Before hanging up the phone, the nurse advised our clients they could visit Drew around 2 pm. that afternoon. Non-emergency interfacility transport was coordinated between the two hospitals with the defendant ambulance company.
The Ambulance EMTs Arrive at the Hospital
The defendant EMTs arrived at the hospital where Drew was located. They met with the nurse in charge who discussed Drew’s condition. She also provided the EMTs with Drew’s medical chart and 5150 documents. The EMTs were told Drew reported hearing evil voices and also having suicidal thoughts of jumping off a bridge. Despite the fact that Drew was not medicated, calm and cooperative, they were advised that Drew continued to be at risk of harming himself. The EMTs were placed on written notice via a checked box on the 5150 documents of this fact.
The EMT’s then went to Drew’s hospital room and found him friendly and cooperative. At their request, Drew stood up, walked over and sat in the gurney in a semi Fowler’s position (reclined position). Drew was taken outside to the ambulance and loaded without incident. After being loaded, the defendants’ applied soft wrist restraints on each of the Drew’s wrists.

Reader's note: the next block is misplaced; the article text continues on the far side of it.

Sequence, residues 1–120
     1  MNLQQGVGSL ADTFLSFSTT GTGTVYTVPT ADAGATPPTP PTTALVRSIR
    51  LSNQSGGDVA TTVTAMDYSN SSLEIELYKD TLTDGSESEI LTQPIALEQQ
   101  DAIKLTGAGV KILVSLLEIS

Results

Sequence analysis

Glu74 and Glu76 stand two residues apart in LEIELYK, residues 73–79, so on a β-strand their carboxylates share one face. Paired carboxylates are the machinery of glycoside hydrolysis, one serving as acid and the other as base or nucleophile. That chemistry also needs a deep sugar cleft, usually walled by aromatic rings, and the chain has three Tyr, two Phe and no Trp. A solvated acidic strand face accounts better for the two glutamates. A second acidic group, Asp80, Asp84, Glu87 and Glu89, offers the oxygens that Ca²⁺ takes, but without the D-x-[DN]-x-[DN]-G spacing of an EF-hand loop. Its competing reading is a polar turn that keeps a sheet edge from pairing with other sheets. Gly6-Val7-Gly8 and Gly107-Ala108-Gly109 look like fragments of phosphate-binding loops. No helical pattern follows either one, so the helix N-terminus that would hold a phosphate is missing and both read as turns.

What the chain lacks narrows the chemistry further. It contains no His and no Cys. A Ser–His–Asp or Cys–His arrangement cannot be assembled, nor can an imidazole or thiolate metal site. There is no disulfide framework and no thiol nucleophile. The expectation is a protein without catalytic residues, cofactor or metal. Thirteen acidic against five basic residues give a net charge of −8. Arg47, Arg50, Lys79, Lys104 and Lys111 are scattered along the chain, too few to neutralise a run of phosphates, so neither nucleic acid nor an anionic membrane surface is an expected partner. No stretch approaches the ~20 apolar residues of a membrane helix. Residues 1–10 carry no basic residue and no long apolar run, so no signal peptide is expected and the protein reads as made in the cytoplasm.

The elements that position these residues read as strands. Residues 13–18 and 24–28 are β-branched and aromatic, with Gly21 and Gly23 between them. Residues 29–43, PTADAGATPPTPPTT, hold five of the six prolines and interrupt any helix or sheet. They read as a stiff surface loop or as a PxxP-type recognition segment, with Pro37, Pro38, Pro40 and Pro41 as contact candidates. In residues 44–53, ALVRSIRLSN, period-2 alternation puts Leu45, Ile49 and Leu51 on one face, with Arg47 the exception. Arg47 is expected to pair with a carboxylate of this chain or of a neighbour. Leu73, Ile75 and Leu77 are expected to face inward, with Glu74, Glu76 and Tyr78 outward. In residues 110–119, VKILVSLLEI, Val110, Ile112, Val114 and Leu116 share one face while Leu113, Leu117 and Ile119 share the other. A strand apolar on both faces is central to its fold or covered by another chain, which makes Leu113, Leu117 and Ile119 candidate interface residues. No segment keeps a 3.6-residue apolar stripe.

EMT #1 rode in the back of the vehicle with Drew who was positioned such that he was looking towards the rear of the vehicle. EMT #1 was seated on a side bench providing him with full view and access to observe Drew and the soft restraints during the transport. Defendant EMT #2 drove the vehicle.
After about 5-10 minutes, the Drew asked EMT #1 to move behind him. EMT #1 complied and moved to the airway seat behind Drew. At all times, Drew was still in the raised Fowler’s position. His body, seatbelts and soft restraints were now blocked from the view of EMT #1.
According to EMT #1, shortly thereafter he observed Drew sit up and slide his feet off of the gurney. After a brief struggle, Drew exited the almost stopped vehicle and ran several times across multiple lanes on one of Southern California’s busiest freeways.
Drew was eventually grabbed by off-duty Orange County Sheriff Deputy. After a minute or two, Drew broke away from the Deputy and was immediately struck and killed by an oncoming truck. To this day, the defendants’ have refused to accept any responsibility for Drew’s death.